Beverly Fishman, installation view of “I Dream of Sleep,” 2020. Photo: Christopher Burke Studio, Courtesy the artist and Miles McEnery Gallery, New York, NY

Beverly Fishman

New York

Miles McEnery Gallery

The untitled sculptures and reliefs in Beverly Fishman’s recent show, “I Dream of Sleep,” hide dark subject matter behind attractive appearances. Silky-looking surfaces and smooth, geometric forms fool the eye with a calm, soothing demeanor. Muted pastel colors add the kind of sleek, impersonal veneer associated with corporate headquarters, modern homes, and other objects of contemporary design denoting easy success and reassuring outcomes. 

Only the subtitles—ADHD, Insomnia, Migraine, Anxiety, Depression, Opioid Addition—reveal Fishman’s subversive intent. Her focus is on pills, in this case, pills that have affected her family members, including her sister Judy, who died in December 2018. Much like Fishman’s sculptures, these pills mislead, disguising potentially dangerous conditions behind a tranquil façade. Addiction has long been under-reported or taken for granted, but the opioid crisis of recent years has finally shed light on the scope of the problem and forced Purdue Pharma, manufacturer of the addictive painkiller OxyContin, to plead guilty to misleading the public about its product.

Though Fishman has explored this territory for some time, starting with Mother’s Little Helpers #1-36 (1999), the works in “I Dream of Sleep” seem more subtle and refined in their abstraction. Though they appear machine-made, they are exquisitely crafted from wood and urethane paint. Their large size gives them presence. The relief Untitled (Migraine, Anxiety, ADHD) (2019) features three unusual adjacent forms painted in a disturbing combination of dark gray, brown, and black; a contrasting slim border of pink, purple, or blue surrounds each form, while a central void opens the top right element into a D-shape. This three-part work exemplifies the unity, complexity, and originality of Fishman’s compositions.

I haven’t researched the colors used by big pharma to attract clients and establish brand loyalty, but Fishman has. Her choices engage the eye while also insinuating the symptoms they mask. Untitled (Depression, Missing Dose) (2019) consists of a round shape cut into two small and two larger pieces; three are colored a neutral, pale celadon, while the missing dose stands out in glowing orange-red, framed by a double border of turquoise and bright red. The colors in Untitled (Opioid Addiction, ADHD, Insomnia) (2019) are more complex in their coding: the two small forms on the left have a red frame set between an outer turquoise or gray border and a gray or turquoise inner border, with yellow or green centers. Opioid addiction is the inner yellow-green state and ADHD (attention-deficit/hyperactivity disorder) is a greener, more intense state. The largest piece of the composition, insomnia, has a three-part border of red, blue, and eggshell with an orange-white center. Are these pills, one to three of them, simply covering over the conditions rather than healing them?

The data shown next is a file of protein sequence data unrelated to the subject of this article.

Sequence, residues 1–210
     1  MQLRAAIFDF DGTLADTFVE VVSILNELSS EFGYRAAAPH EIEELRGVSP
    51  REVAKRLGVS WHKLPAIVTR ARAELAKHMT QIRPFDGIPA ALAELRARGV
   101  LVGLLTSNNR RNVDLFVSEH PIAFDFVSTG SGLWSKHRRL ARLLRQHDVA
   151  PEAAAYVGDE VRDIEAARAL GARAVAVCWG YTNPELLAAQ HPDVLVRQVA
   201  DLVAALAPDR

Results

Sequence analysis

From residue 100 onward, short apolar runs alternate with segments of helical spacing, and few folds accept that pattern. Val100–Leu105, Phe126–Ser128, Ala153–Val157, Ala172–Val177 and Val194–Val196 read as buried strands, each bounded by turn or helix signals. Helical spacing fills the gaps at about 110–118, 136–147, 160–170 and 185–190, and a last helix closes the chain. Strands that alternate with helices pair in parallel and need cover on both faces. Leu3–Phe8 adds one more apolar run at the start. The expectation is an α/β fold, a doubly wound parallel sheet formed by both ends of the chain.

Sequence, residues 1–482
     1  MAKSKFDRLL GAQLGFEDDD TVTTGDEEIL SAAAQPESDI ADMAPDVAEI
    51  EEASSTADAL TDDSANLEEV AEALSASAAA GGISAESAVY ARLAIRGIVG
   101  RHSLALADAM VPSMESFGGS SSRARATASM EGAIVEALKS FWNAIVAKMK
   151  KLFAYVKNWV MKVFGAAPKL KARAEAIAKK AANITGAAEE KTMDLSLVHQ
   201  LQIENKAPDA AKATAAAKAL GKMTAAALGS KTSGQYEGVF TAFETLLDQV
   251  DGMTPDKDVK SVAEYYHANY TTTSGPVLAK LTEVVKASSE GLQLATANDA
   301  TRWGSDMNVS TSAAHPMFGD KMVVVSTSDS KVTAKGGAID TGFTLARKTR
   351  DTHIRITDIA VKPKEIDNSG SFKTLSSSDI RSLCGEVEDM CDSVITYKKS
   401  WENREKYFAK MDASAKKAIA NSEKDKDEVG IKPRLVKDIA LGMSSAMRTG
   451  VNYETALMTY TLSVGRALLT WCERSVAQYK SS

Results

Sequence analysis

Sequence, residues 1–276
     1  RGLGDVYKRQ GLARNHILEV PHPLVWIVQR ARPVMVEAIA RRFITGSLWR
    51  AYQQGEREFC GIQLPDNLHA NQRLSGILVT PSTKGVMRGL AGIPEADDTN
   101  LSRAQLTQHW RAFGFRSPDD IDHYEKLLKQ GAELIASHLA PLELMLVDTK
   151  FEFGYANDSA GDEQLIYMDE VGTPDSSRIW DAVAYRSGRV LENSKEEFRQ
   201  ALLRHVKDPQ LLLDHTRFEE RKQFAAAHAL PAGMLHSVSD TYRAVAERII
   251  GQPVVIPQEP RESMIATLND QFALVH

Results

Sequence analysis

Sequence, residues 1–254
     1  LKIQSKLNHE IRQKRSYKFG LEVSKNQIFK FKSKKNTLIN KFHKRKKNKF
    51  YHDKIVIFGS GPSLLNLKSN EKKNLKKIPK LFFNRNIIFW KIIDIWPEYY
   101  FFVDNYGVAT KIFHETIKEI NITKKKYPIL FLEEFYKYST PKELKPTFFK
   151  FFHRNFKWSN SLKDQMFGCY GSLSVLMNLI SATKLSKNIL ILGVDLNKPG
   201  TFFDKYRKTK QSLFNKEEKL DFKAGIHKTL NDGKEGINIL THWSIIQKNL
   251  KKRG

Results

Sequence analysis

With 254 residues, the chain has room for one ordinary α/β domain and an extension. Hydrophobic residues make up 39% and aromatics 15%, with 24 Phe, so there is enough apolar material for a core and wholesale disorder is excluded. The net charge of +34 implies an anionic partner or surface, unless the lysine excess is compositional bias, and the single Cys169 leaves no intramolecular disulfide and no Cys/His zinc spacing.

Fishman’s tabletop sculptures, arranged in rows of multiple shapes— round, rectangular, triangular, and square—mix asthma, anxiety, stress, and opioid addiction. The opioid shape is dark, perhaps showing the drugs’ deadening effect on living nerve tissue. The others take on pale blue, pink, and silver tones. The objects all have correspondingly shaped empty centers. Whether or not Fishman’s colors, shapes, and sizes are an exact science is irrelevant; their visual appeal and abstract qualities are key. Haunting and provocative, her visually satisfying and not-so-benign works capture the truth behind appearances.